Kawagoe, also called Little Edo, is the best preserved mirror image of Edo, the former name of Tokyo. The merchant city nearby the capital was one of the most important supplier of resources to Edo in the Edo Period (1603-1868). In order to protect the resources stored in Kawagoe, the Shogun, Japan’s highest-ranked warlord, moved many of his most trusted advisers to Kawagoe which caused Kawagoe to adopt many of the architecture and habits of the capital city.
Warehouse street, the main street of Kawagoe, is full of shops and museums and is a rare find in Japan. The houses that line the street are made of clay, a telltale sign of the wealth accumulated over the centuries. Storage buildings were susceptible to fires as they were made of wood. Kawagoe however, was so affluent that they built fire-resistant clay warehouses called Kurazukuri in Japanese. Learn more about these houses by visiting the Museum of Kurazukuri, where you get a look from the inside.
Close to the Warehouse street, you’ll find the landmark of Kawagoe, the big bell tower which chimes four times a day. The so-called Toki no Kane is Kawagoe’s symbol and has looked out over the city for almost 150 years.
For those interested in Japanese sweets, there is a street in Kawagoe filled with treats of the olden days. Aptly named Candy Lane, or Kashiya Yokocho in Japanese, this is where you can find all sorts of treats that remind the Japanese of days past. One type of sweets to definitely try is sweet potato, the staple of Kawagoe.
Other sights are the temple of Kita-in, head temple of the Tendai, one of Japan’s major Buddhist sects. After a fire destroyed much of the temple in the 16th century, the shogun who held a soft spot for Kawagoe, transferred parts of the castle of Edo to Kawagoe to replace the temple parts lost in the fire. These are now the only remaining parts of Edo Castle as the main castle in Tokyo got completely destroyed during the Great Earthquake of 1923 and the Second World War.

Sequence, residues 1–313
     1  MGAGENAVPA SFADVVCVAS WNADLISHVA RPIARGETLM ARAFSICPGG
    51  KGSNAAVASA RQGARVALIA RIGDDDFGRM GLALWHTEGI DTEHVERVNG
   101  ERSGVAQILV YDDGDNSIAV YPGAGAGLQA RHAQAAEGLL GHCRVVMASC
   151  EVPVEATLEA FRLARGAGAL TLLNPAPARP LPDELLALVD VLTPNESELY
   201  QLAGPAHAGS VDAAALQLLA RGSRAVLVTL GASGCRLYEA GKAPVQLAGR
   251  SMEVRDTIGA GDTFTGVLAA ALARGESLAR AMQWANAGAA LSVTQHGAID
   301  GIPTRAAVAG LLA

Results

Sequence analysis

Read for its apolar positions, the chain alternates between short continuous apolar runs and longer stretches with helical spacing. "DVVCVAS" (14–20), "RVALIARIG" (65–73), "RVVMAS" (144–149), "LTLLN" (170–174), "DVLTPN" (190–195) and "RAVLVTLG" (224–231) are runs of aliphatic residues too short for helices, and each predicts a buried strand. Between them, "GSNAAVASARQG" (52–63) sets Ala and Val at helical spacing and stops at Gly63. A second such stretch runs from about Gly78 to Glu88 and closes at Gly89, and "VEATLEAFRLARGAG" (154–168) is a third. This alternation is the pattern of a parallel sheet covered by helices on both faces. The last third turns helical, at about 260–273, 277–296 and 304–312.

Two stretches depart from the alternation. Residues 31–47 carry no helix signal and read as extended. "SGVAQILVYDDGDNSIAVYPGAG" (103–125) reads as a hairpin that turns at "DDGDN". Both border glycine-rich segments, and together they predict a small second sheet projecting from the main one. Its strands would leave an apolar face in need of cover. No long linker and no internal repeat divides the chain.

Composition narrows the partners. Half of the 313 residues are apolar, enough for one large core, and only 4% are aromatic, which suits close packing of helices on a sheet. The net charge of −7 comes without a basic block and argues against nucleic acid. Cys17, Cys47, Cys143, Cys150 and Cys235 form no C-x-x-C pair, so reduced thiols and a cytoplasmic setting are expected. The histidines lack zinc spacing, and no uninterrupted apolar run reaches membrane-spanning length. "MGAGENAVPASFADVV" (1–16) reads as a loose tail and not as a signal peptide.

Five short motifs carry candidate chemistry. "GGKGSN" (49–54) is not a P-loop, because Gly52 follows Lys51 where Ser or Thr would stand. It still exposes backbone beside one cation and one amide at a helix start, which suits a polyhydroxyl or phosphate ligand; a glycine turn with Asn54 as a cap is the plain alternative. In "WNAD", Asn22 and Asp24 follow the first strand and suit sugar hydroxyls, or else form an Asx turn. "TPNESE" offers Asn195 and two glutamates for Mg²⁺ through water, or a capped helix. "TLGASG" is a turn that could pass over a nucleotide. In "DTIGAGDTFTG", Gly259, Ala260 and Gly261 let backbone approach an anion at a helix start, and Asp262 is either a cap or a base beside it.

Kawagoe’s festival is another reasons to visit the city. It has a history of 360 years and is celebrated on the third weekend of October for two days. Colorful floats with its doll passengers get paraded from Hikawa Shrine to other parts of the city like Warehouse Street for most of the day. At night, the lights on the floats get lit and songs and dancing accompanies the parade.
If you are out of luck and cannot see the festival in October, you can get an impression of the event at the Kawagoe Festival Museum where the floats used for the festival are displayed.
General Information about Kawagoe
Kawagoe-shi, Saitama Prefecture 350-0063
How to get to Kawagoe
Tokyo Station → Ikebukuro Station → Kawagoe Station:
1. From Tokyo Station to Ikebukuro (15 minutes):
Take the subway from Tokyo Station to Ikebukuro.
2. From Ikebukuro Station to Kawagoe (30 minutes):
Transfer to the Togo-Tobu or the Fukutoshin Line and get off at Kawagoe.